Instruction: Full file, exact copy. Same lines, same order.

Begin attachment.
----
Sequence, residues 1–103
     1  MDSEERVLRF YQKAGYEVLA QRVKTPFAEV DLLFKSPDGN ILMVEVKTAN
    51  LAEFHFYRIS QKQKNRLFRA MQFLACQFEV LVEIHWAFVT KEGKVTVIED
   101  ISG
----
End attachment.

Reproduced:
Sequence, residues 1–103
     1  MDSEERVLRF YQKAGYEVLA QRVKTPFAEV DLLFKSPDGN ILMVEVKTAN
    51  LAEFHFYRIS QKQKNRLFRA MQFLACQFEV LVEIHWAFVT KEGKVTVIED
   101  ISG